Team Canada is heading to Wroclaw, Poland to compete in the 2017 World Games. VC is proud to sponsor the Team Canada program and share it's experiences as it prepares to compete on the world stage.
In the following article, TCWG player Laura Mason discusses mental toughness and its importance in training.
On Team Canada, we prepare ourselves to get game ready, but that doesn’t just mean being in the gym. The other side is the mental toughness portion. We value this side just as equally, if not more, than the physical portion.
TCWG doing teamwork exercises, designed by Garry Watanabe.
TC’s Laura Mason summed mental toughness up very well, with things that she does to get in her zone. She is always prepared for any situation, with a great plan that she has established through her many years of experience at the highest level of Ultimate.
“I would generally call myself an artist. I make music, create art, and use my creativity every day to solve problems. I would NOT call myself super organized, or tidy.. or "focused" and for a long time, I always saw that as a huge weakness that I needed to get rid of. That I needed to be THE MOST organized and together in order to be successful.
I soon learned that..that was pretty unrealistic.. and that my quickest path to success was actually to find the right amount of structure for myself, while allowing space for creativity and expression.
My concentration depends on a few things:
Daily focus & concentration:
My imagination lends itself to visualization, which was my first step towards growth as an ultimate player, and it continues to be the foundation of my focus. I visualize what I want. I am what I visualize. I visualize at least every day, and it’s generally unstructured, allowing my mind to stretch beyond what I think is possible for myself.
As a tournament draws near, my visualization narrows, focusing on skills or actions that support my goals for that event. It is often a combination of a big, aspirational goal that I have not yet reached, and foundational skills that I rely on to be a consistent player.
Keeping my process and habits the same (even though my excitement is building) helps me stay focused and confident.
Focus at a tournament:
Sometimes I mess up, throw one away, get beat. If it happens a couple times early on, I can feel my chest tighten.. my heart start to race..my breathing get shallow. Negative talk can start to seep in.
It’s important that I identify at least one person on the team who I can go to in those moments - and be totally vulnerable with. I don’t believe in holding in or pushing away negative thoughts. I try and let out my emotion to that person, expressing my frustration and fear. Once it’s out there, it doesn’t have the same hold on me, and I’m able to accept encouragement from my teammate.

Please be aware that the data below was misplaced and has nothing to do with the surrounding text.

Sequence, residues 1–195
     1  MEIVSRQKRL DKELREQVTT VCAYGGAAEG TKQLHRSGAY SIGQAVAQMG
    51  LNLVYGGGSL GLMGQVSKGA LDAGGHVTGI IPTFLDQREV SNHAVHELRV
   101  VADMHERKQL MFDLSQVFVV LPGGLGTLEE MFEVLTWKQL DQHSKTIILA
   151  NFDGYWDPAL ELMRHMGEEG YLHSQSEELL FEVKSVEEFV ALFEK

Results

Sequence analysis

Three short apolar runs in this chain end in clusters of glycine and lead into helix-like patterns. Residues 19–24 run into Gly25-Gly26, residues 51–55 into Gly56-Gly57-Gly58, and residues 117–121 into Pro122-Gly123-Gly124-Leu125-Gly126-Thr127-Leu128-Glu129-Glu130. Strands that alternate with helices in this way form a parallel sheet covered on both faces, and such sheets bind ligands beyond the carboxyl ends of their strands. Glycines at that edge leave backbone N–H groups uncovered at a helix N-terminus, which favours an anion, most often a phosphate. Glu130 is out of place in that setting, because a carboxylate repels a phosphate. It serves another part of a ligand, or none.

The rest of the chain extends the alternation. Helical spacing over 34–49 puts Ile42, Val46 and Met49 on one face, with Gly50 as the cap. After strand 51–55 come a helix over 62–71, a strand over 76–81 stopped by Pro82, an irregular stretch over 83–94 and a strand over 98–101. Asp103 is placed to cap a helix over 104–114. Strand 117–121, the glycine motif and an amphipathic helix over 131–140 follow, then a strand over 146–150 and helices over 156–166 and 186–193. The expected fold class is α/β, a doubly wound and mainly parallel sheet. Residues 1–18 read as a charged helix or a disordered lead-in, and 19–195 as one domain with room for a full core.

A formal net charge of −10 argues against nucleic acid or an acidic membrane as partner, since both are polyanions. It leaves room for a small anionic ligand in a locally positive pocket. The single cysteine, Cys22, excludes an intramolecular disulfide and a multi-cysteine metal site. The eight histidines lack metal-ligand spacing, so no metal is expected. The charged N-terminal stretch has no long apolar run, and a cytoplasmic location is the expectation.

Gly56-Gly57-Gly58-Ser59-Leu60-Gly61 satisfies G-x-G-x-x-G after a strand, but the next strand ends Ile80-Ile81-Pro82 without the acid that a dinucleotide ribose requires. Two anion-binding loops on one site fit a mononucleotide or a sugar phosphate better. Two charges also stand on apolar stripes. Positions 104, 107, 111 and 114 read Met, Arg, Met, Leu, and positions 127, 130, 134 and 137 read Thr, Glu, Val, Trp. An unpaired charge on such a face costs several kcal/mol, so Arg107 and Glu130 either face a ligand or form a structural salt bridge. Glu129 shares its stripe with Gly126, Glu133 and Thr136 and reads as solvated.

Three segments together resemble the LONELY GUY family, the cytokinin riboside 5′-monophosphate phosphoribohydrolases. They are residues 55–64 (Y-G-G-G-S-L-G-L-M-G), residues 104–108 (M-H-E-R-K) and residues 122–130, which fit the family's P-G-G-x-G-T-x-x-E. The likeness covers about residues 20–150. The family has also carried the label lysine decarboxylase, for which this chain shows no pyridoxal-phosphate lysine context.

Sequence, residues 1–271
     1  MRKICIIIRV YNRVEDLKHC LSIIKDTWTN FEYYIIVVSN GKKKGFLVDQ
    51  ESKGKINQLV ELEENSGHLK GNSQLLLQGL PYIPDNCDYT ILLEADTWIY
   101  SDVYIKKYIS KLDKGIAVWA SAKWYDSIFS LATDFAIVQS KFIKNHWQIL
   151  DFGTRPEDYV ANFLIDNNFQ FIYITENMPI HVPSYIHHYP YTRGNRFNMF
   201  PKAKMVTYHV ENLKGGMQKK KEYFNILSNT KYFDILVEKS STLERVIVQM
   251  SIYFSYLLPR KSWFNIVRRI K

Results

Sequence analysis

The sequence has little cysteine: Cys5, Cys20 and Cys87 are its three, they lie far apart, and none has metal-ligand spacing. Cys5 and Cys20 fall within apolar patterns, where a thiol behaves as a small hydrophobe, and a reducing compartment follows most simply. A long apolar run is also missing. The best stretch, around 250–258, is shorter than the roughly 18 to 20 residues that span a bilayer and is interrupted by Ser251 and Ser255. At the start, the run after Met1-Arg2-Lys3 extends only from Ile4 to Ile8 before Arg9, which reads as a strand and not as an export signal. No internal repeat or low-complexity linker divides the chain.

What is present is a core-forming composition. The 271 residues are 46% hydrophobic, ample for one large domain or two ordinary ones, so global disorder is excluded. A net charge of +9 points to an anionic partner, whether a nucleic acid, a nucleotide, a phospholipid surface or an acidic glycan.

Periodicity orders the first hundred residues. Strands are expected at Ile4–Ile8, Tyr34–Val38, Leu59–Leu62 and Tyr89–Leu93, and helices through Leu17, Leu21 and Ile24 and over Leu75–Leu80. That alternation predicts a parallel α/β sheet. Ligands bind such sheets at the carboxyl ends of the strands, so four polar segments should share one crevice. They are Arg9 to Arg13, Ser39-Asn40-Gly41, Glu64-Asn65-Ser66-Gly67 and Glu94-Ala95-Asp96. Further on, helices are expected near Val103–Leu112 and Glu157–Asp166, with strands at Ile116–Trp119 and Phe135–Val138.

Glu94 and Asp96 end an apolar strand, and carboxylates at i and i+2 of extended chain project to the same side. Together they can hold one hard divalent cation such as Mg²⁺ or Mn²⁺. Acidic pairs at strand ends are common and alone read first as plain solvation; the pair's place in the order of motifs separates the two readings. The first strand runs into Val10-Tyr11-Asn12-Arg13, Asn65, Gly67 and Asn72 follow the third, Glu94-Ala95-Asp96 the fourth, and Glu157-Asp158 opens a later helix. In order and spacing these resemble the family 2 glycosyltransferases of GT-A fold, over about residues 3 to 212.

Don’t get caught without a plan. It doesn’t have to look like mine, maybe it’s looser or more structured. Whatever it is, figure it out. Put in the time to understand yourself. Each of us are accountable to ourselves and our team for our performance. “
Remember, the best thing to do is figure out what works for you! It will take time, there will be a lot of trial and error. But once you find it, you will feel much more confident about your abilities and always know what to do when a mistake does happen.
Hopefully you've picked up a few pointers from Laura and continue to grow and evolve as an Ultimate player, both physically and mentally.
Stay tuned for more great articles from TCWG in the lead up to the World Games this summer, and follow the team on Twitter here!
Team Canada in their brand new VC kits at TEP in Colombia this April.
What can we say about this team - this season especially - other than Hook 'em Horns!! UT at Austin's top women's team is rocking it, with another strong performance bringing home the gold at Women's Centex this past weekend, the team's home tournament run in collaboration with Without Limits Ultimate.
We admit, we're a bit biased with our love for Melee and their home fields, the Charles Alan Wright Fields at the Berry M. Whitaker Sports Complex at the University of Austin. The sports complex is, simply put, sick... the benefits of being at a school with an athletic's program budget north of $160,000,000 perhaps? Yes, that many zeros.
Fun fact: VC's Adriana Withers met her much-later-to-be wife on those fields in 2003 (VC was merchandising the UPA College Championships while her wife was running medical support), and still lives part-time only about 10 minutes away.